Why the government or, in this case, one of its agencies, should have decided to keep secret its detailed plans for a major road project defies all logic, particularly since health and environmental issues are involved.

The Commissioner for Environment and Planning within the Office of the Ombudsman deemed as “unacceptable” a decision by Infrastructure Malta not to publish the plans of the Pembroke-St Julian’s Connections project.

That has now been rectified and the plans have been published on the Planning Authority website.

But the initial stand appeared even more irrational in light of indications that several finalised documents were already being used by the regulator to consult public entities. As if to highlight its own ridiculous decision, Infrastructure Malta let it be known that the plans in question had been submitted to the Planning Authority early in June, so the regulator was free to make them available to the public for its consultation process online.

Now, of course, the PA had made what seems to be a policy decision not to publish plans it brands as “incomplete”. This state of affairs – lack of transparency at its very best – forced a concerned citizen, an asthma sufferer, to seek the assistance of the Ombudsman to obtain a copy of the plans to see how the Pembroke-St Julian’s Connections could affect his lifestyle and, more importantly, his health.

The agency could easily have forwarded a copy to the worried citizen or, better still, invite him – and any other interested party – to their office to brief them on what is going on.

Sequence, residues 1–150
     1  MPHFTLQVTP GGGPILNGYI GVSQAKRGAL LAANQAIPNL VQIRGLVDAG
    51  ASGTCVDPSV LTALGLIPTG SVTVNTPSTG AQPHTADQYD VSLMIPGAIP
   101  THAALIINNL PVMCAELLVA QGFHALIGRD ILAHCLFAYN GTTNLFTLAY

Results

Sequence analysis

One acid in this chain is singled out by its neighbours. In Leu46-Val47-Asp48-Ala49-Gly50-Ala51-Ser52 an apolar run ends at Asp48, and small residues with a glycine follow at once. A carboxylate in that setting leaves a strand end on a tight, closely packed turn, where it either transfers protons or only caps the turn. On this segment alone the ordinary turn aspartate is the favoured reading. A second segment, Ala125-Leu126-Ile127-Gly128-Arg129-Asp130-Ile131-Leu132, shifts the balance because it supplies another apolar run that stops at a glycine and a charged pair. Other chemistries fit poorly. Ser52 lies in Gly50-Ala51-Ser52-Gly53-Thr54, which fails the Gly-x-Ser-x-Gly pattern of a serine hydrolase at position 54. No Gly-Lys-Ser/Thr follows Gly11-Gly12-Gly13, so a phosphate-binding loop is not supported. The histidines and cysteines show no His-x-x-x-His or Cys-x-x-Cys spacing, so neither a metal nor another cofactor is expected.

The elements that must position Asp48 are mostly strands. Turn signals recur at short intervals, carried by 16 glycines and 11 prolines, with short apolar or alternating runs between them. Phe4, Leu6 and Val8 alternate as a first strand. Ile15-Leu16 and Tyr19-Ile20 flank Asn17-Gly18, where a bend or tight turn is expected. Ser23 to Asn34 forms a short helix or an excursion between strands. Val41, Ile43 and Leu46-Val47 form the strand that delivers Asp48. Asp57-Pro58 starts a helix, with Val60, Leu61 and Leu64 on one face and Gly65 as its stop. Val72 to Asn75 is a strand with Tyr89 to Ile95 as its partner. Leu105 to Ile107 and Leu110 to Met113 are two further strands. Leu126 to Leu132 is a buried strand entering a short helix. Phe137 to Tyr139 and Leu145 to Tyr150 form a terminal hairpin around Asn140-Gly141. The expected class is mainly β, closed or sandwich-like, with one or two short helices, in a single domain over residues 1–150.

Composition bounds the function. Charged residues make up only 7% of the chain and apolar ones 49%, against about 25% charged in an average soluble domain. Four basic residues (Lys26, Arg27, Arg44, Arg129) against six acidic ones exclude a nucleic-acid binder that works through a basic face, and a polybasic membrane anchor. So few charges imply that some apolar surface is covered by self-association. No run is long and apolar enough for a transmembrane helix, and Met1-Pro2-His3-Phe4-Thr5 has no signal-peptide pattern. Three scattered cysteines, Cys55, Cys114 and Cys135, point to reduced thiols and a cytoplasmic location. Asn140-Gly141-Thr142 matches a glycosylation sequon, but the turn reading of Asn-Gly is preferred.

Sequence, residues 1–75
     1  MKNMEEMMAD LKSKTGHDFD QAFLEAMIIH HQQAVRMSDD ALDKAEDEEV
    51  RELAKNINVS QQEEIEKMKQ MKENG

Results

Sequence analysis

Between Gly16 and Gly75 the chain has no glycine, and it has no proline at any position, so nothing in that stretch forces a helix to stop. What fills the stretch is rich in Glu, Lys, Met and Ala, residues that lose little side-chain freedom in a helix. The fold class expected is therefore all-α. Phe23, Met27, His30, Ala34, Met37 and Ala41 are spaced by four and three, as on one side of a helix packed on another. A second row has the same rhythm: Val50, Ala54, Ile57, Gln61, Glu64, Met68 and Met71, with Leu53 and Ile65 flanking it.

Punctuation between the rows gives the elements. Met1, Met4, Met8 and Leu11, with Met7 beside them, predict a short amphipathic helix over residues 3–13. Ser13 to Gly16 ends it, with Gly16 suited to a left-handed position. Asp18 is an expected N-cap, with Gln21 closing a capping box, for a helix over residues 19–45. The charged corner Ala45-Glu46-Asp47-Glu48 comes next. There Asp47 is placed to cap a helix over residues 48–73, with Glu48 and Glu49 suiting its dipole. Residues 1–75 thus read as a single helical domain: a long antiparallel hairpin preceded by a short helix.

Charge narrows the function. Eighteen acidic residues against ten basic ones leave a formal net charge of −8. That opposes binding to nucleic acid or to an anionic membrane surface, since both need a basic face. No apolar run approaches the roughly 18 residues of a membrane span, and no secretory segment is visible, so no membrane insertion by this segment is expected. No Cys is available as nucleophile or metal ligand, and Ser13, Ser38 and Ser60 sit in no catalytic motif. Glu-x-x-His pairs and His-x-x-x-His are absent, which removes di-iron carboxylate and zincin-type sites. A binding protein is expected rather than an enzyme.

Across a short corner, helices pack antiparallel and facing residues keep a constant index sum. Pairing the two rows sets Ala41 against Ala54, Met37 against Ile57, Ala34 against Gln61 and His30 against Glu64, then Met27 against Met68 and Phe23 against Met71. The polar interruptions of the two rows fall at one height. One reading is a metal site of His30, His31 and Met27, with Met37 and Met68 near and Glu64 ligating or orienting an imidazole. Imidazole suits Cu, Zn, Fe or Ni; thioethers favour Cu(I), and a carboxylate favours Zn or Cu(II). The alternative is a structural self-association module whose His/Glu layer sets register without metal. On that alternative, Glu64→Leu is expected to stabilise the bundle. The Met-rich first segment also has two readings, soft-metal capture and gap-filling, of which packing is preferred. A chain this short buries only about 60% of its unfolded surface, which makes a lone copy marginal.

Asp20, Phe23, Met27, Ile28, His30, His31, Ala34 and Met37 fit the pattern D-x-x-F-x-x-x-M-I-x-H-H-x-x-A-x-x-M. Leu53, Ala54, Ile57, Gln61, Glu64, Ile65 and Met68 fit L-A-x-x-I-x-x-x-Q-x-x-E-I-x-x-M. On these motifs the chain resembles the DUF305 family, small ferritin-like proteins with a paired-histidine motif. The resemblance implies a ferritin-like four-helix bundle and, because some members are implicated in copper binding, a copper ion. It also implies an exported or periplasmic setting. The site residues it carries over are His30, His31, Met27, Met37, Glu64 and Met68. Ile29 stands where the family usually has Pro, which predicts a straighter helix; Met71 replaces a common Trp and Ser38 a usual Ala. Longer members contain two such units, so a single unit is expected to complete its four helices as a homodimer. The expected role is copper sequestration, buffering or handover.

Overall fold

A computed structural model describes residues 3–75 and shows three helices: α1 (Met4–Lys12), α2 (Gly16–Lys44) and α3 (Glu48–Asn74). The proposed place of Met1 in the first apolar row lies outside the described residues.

The Commissioner for Environment and Planning within the Office of the Ombudsman complained it was not fair that the public should only be given a few days to make representations when they could be kept continuously updated with regard to a project of such importance. He, therefore, recommended that the documents submitted to the planning watchdog, or updated ones, be published by Infrastructure Malta for the sake of transparency and the upholding of environmental rights. Commendably, that recommendation has been complied with.

Without a healthy environment we would be unable to fulfil our aspirations or live at a level commensurate with minimum standards of human dignity.

The European Human Rights Convention does not include an explicit right to a clean and quiet environment. However, where an individual is directly and seriously affected by an environmental hazard, an issue could arise under three of its articles: the right to life, prohibition of inhuman or degrading treatment or the right to respect for private and family life.

In some cases, dealing with health and the environment, the European Court of Human Rights has raised the issue of the State’s positive obligation to take all appropriate steps to safeguard life. And when referring to preventive measures it laid stress on the public’s right to information.

It came, therefore, as a little breath of fresh air that the detailed plans were published, even if under coercion, in an implicit acknowledgement of the public’s right to know. That practice now needs to become the default position of government agencies when it comes to plans that impinge on any public interests, and certainly re-adopted by the PA with regard to ‘incomplete’ planning applications.

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